Mindmup_2 is a good tool. Go map your thoughts.


Isn’t machine learning (ML) and Artificial Intelligence (AI) the same thing?

Nope. And this piece, Machine Learning Vs. Artificial Intelligence: How Are They Different?, does a nice job of reviewing them at a non-technical level. At the end, you should see the differences.

(The image, via g2crowd.com, also shows this nicely).

You need good work tools to be your best at work. Here’s 11 for you to consider

We all get in ruts where we use the same tools every day for our office work. When that happens, what we need is someone to come along with a new list of tools and what makes them great.

Here is such a list. I didn’t create it, but I have used 3 of the 11 tools here and I can say they are key to making me more productive every day. I plan to use the rest of them too, based on the description of them.

Sure, you can do fine with Microsoft Office tools. This list will help you do better: 11 Most Used Tools & Apps Essential to my Work – DESK Magazine

(Image via pexels.com)

34 good links on AI, ML, and robots (some taking jobs, some not)

If you are looking to build AI tech, or just learn about it, then you will find these interesting:

  1. Artificial intelligence pioneer says we need to start over – Axios – if Hinton says it, it is worth taking note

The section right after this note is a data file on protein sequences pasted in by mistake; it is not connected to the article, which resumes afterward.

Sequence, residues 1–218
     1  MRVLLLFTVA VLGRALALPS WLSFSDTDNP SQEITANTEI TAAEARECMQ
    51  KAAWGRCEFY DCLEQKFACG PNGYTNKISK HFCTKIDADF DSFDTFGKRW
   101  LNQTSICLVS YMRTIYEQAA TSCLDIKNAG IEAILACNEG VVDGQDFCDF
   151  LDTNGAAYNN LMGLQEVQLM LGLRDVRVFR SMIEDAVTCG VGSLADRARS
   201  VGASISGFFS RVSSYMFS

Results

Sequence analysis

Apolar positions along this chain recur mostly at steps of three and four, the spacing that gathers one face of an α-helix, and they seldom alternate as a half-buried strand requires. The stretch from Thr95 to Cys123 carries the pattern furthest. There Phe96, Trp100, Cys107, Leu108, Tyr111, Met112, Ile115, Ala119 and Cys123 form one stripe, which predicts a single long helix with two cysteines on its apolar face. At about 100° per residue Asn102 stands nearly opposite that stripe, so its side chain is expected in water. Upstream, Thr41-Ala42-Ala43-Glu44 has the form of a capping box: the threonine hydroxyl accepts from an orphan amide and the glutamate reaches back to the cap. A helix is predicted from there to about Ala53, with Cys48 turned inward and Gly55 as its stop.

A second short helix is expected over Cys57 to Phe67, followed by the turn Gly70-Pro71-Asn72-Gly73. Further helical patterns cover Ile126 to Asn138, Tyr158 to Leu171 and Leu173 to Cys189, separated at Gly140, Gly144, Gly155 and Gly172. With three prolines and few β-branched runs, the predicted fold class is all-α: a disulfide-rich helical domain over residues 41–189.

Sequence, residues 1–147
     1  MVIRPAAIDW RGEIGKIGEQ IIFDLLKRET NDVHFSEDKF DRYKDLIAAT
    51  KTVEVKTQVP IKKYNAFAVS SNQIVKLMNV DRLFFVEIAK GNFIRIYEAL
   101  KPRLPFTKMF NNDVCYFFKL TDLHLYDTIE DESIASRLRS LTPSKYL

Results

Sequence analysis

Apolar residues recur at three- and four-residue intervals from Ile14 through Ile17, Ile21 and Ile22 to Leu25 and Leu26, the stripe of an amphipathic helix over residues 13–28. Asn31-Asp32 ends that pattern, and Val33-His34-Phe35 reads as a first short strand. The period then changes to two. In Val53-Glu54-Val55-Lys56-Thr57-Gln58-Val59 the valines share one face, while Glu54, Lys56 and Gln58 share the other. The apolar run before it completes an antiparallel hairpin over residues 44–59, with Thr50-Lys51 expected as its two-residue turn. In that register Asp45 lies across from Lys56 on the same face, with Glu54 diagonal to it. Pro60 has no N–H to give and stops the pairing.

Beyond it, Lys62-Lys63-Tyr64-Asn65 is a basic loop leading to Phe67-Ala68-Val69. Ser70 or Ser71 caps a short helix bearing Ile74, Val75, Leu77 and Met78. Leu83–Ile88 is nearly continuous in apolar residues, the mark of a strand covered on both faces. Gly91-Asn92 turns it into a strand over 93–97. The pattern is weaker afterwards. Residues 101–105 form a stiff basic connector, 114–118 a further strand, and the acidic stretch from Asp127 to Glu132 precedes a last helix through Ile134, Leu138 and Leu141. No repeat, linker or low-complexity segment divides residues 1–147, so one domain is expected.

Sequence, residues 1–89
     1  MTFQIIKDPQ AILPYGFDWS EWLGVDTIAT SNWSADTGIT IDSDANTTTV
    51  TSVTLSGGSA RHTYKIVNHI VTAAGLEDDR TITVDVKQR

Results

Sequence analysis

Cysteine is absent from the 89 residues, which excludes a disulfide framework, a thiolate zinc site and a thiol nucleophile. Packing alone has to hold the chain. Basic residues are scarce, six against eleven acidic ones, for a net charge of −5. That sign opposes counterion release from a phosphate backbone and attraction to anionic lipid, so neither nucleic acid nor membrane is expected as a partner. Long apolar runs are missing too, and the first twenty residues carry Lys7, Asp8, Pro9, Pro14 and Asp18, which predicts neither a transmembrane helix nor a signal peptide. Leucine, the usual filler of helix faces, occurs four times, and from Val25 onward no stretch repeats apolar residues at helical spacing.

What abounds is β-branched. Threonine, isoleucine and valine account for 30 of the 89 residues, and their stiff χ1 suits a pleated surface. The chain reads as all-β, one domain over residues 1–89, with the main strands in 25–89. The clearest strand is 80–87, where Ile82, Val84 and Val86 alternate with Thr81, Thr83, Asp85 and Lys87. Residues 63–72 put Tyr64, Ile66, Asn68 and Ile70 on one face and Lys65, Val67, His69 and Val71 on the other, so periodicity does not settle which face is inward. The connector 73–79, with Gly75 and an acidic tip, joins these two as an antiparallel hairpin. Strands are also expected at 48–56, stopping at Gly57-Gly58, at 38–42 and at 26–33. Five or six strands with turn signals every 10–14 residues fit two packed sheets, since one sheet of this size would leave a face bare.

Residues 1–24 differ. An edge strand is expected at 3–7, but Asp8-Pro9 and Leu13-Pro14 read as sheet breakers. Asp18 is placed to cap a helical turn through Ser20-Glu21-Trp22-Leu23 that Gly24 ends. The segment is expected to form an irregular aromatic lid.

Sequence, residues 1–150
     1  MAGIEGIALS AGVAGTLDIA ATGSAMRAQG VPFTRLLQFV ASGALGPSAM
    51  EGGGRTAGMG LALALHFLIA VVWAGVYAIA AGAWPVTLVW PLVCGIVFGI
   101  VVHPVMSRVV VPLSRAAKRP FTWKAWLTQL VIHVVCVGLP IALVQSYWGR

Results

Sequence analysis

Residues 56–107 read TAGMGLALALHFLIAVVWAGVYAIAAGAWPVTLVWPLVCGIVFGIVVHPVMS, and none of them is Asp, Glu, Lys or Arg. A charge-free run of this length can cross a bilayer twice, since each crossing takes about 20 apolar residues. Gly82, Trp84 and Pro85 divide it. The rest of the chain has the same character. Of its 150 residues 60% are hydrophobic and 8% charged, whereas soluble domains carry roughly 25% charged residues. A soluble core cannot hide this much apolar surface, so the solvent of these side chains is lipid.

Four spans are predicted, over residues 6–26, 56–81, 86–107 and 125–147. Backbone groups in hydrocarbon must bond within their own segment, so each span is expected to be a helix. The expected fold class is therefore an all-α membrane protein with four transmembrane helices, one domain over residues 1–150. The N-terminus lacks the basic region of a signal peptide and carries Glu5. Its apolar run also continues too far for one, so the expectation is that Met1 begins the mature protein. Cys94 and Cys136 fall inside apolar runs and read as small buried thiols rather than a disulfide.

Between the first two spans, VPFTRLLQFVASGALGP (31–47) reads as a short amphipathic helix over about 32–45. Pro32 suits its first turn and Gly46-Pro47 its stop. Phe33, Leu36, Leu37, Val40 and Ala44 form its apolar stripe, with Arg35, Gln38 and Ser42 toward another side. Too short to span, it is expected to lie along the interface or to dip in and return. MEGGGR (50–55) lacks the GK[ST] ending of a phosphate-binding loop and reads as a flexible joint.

2. Robots Will Take Fast-Food Jobs, But Not Because of Minimum Wage Hikes | Inverse – true. Economists need to stop making such a strong link here.
  3. Artificial Intelligence 101: How to Get Started | HackerEarth Blog – a good 101 piece
  4. Deep Learning Machine Teaches Itself Chess in 72 Hours, Plays at International Master Level – MIT Technology Review – the ability of tech to learn is accelerating.
  5. Now AI Machines Are Learning to Understand Stories – MIT Technology Review – and not just accelerating, but getting deeper.
  6. Robots are coming for your job. That might not be bad news – good alternative insight from Laurie Penny.
  7. Pocket: Physicists Unleash AI to Devise Unthinkable Experiments – not surprisingly, a smart use of AI
  8. AI’s dueling definitions – O’Reilly Media – this highlights one of the problems with AI, and that it is it is a suitcase word (or term) and people fill it with what they want to fill it with
  9. A Neural Network Playground – a very nice tool to start working with AI
  10. Foxconn replaces ‘60,000 factory workers with robots’ – BBC News – there is no doubt in places like Foxconn, robots are taking jobs.
  11. 7 Steps to Mastering Machine Learning With Python – don’t be put off by this site’s design: there is good stuff here
  12. How Amazon Triggered a Robot Arms Race – Bloomberg – Amazon made a smart move with that acquisition and it is paying off
  13. When Police Use Robots to Kill People – Bloomberg this is a real moral quandary and I am certain the police aren’t the only people to be deciding on it. See also: A conversation on the ethics of Dallas police’s bomb robot – The Verge
  14. How to build and run your first deep learning network – O’Reilly Media – more good stuff on ML/DL/AI
  15. This expert thinks robots aren’t going to destroy many jobs. And that’s a problem. | The new new economy – another alternative take on robots and jobs
  16. Neural Evolution – Building a natural selection process with AI – more tutorials
  17. Uber Parking Lot Patrolled By Security Robot | Popular Science – not too long after this, one of these robots drowned in a pool in a mall. Technology: it’s not easy 🙂